When the total solar eclipse begins around 10 a.m. on August 21, its path will start in Oregon and ending in South Carolina. Along the way, certain areas and towns have been designated by scientists as the best place to view this feat of nature.
In all, 12 states are in the totality path to this point. And places in the totality path are expected to attract up to tens of thousands of people who come to view the eclipse as well as enjoy the many festivals that will be held during the solar event.
Small towns of less than 10,000 may be overrun with more than 50,000 visitors, some of whom may have to stay in hotels two hours away to see this phenomenon. Rural areas with wide-open spaces are the best, such as Marshall, Missouri.
These eclipse chasers plan for years to attend the best viewing spots, spending time charting the eclipse with maps, and visiting forums and social media.
OK, so all this is very interesting, but what does it have to do with mysteries?
A month or so ago, I would have wondered the same thing until I read the brilliant thriller He Said/She Said (Minotar) by Erin Kelly.
These eclipse chasers, who relish “celestial mechanics,” provide the background for this innovative mystery. While Kelly includes plenty of lore about seeing an eclipse, the author also delivers an unusual psychological thriller about a marriage, as well as obsessions, secrets, and how rape is viewed.
At first glance, it would seem that eclipses are about an insular community of people who travel great distances to watch. But He Said/She Said shows that it’s not just a small group but a wide swath of people, some of whom have never seen an eclipse and others who have no interest in the science behind it.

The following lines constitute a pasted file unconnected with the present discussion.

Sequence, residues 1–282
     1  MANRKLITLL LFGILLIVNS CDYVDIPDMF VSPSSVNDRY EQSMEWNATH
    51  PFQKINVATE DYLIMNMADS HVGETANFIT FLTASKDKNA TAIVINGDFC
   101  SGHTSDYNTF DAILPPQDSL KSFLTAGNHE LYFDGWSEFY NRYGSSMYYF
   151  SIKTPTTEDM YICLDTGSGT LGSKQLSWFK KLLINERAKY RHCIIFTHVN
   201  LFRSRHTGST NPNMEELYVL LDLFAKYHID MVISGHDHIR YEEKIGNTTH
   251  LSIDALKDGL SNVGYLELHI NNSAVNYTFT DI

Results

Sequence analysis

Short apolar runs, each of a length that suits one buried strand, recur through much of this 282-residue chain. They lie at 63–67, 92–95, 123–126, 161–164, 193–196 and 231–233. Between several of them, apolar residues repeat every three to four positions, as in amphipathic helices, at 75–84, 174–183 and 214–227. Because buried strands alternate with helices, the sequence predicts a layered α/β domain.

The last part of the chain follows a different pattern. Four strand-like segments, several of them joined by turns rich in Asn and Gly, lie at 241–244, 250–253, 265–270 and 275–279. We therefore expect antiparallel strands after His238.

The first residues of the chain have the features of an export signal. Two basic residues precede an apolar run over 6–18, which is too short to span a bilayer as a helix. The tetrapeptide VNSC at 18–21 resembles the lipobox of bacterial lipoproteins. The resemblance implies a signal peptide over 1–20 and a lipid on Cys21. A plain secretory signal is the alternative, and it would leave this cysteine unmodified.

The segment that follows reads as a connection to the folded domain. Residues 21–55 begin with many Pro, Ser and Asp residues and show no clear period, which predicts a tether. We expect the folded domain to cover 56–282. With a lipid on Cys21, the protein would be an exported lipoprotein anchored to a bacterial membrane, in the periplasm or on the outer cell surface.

Christopher “Kit” McCall has chased solar eclipses his entire life, and considers “real life as the boring bit between eclipses.” Kit and his girlfriend, Laura Langrishe, are celebrating the 1999 solar eclipse at a festival in Cornwall when they stop the apparent rape of a stranger. The lives of Kit and Laura are entwined for years in the lives of the victim and her abuser.
He Said/She Said alternates between 1999 and 16 years later when Kit and Laura are married and expecting twins. Now another eclipse looms, and the best place to view is the Faroe Islands. Kit will go while Laura stays home because of her advanced pregnancy.
The eclipse is an exciting background to He Said/She Said as Kelly adds enough science and sky lore to make readers want to rush out to get those glasses one is supposed to wear during a viewing. But Kelly never allows the science to overwhelm her unusual thriller.
He Said/She Said is the perfect companion to the 2017 solar eclipse.